“Shelter for the soul” was the phrase architect and teacher Samuel Mockbee used to describe the functional and strikingly beautiful houses built by his students for impoverished residents of Hale County, Alabama. In 1993 Mockbee and colleague D. K. Ruth founded the Rural Studio, an innovative teaching and community service program for undergraduate architecture students at Auburn University. Using salvaged, often curious materials such as hay, rammed earth, telephone polls, and even tires and windshields, the Rural Studio builds houses and community buildings for residents of one of the poorest communities in America. More than 30 percent of Hale County residents live in poverty, many in substandard housing. The Rural Studio combines social responsibility, experimental design, and cues from the regional vernacular to create what author Andrea Oppenheimer Dean has called the “architecture of decency.”
A fifth-generation Mississippian, Mockbee was born on 23 December 1944 in Meridian. As a youth he enjoyed drawing and developed an interest in architecture. Growing up in Mississippi on the eve of the civil rights revolution made him keenly aware of the social injustices that permeated southern society. He earned a bachelor’s degree in architecture from Auburn University in 1974 and in 1977 formed a partnership with Thomas Goodman, an Auburn classmate. Mockbee left the firm in 1983 to establish a practice with Coleman Coker. In later years the original, unusual work of Mockbee Coker Architects gained a strong following.
Mockbee began teaching architecture at Auburn University in 1991 and launched the Rural Studio after obtaining a $250,000 grant from the Alabama Power Foundation. The program is predicated on the belief that architecture as a discipline is rooted in community. Students live in Hale County and participate in the local community as they learn the critical skills of planning, designing, and building. Whereas architectural training at most universities is largely theoretical, the Rural Studio gives students hands-on experience in every step of the building process. Working alongside the local residents who will be living in the houses, students learn firsthand about the influence of social and cultural values on architecture. Today, more than two decades after its founding, the Rural Studio continues to craft houses and other buildings from unlikely materials, each serving as a powerful statement about the social relevancy of architecture.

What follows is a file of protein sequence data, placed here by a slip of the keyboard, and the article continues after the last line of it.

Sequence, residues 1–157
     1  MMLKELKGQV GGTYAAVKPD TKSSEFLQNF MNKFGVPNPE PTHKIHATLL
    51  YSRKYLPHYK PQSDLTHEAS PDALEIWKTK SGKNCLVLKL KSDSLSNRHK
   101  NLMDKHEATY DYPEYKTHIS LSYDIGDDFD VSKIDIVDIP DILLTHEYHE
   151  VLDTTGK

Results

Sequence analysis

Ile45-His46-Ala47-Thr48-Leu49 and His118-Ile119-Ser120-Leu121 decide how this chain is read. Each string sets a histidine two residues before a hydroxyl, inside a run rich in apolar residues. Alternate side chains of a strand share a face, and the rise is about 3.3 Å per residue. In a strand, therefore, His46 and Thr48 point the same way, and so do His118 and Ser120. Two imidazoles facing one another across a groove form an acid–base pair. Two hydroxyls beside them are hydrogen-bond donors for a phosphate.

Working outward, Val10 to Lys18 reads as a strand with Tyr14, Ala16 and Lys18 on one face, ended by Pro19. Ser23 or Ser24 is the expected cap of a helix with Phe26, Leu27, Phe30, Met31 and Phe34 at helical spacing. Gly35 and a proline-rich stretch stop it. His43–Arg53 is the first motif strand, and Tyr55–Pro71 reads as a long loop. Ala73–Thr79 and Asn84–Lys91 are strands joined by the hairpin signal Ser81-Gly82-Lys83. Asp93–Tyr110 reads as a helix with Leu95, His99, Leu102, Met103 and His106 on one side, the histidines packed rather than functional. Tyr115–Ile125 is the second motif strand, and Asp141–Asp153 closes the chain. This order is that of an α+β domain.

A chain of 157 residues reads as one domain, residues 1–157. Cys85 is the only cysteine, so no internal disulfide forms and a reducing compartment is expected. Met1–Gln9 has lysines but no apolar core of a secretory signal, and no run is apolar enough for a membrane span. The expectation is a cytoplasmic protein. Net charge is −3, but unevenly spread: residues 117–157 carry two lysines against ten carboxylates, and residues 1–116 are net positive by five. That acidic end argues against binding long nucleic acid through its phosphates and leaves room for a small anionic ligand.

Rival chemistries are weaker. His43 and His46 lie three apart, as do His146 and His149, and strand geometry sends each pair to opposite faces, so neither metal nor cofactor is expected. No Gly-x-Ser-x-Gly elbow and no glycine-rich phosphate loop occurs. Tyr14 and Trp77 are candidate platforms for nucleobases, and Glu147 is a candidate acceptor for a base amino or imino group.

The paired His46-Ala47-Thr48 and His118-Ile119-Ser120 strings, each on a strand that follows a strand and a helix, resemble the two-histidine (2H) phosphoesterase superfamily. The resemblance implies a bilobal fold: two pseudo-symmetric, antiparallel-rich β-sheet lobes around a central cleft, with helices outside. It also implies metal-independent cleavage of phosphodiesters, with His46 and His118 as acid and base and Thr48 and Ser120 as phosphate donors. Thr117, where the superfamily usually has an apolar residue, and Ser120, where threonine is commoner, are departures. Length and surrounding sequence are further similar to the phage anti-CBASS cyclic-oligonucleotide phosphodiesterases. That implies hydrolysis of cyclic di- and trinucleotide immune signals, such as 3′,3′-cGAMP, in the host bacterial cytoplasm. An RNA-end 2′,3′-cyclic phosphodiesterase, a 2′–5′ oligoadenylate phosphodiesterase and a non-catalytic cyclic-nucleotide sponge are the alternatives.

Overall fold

Mockbee routinely cited the “hay bale house” as one of the Rural Studio’s most satisfying projects. Built for the Bryants, an elderly couple who had lived for decades in what Mockbee described as an “old shack,” the house is made of stacked and stuccoed hay bales. The forty-two-inch-thick walls are strong, and their natural insulating characteristics allow the Bryants to heat the entire three-room house with only a wood-burning stove. Acrylic panels cover the long front porch, which provides outdoor living space. Warm, light, and dry, the house is but one example of the Rural Studio’s innovative, human-centered approach to design.
Known to almost everyone as “Sambo,” Mockbee possessed a humble, soft-spoken demeanor that made him an unlikely candidate for international acclaim, but widespread interest in the Rural Studio led to visiting professorships at Harvard University, Yale University, and the University of California at Berkeley. Mockbee also won several major awards, including a five-hundred-thousand dollar John D. and Catherine T. MacArthur Foundation “Genius Grant” in 2000. He received the Mississippi Governor’s Lifetime Achievement Award for Artistic Excellence the same year.
Since Mockbee’s death from complications of leukemia on 30 December 2001, the Rural Studio has continued its work under Andrew Freear and to date has built more than 150 projects and educated more than six hundred “citizen-architects.” In 2004, the American Institute of Architects posthumously awarded Mockbee its Gold Medal. By refocusing attention on the human dimension of the built environment, Mockbee’s approach to design and work with the Rural Studio provided a powerful counterpoint to the increasingly impersonal architecture of late twentieth-century America.
- Andrea Oppenheimer Dean, Rural Studio: Samuel Mockbee and an Architecture of Decency (2002)
- Christopher Hawthorne, New York Times (19 September 2002)
- Julie V. Iovine, New York Times (6 January 2002)
- Rural Studio website, www.ruralstudio.org
- Curtis Sittenfeld, Fast Company (November 2000)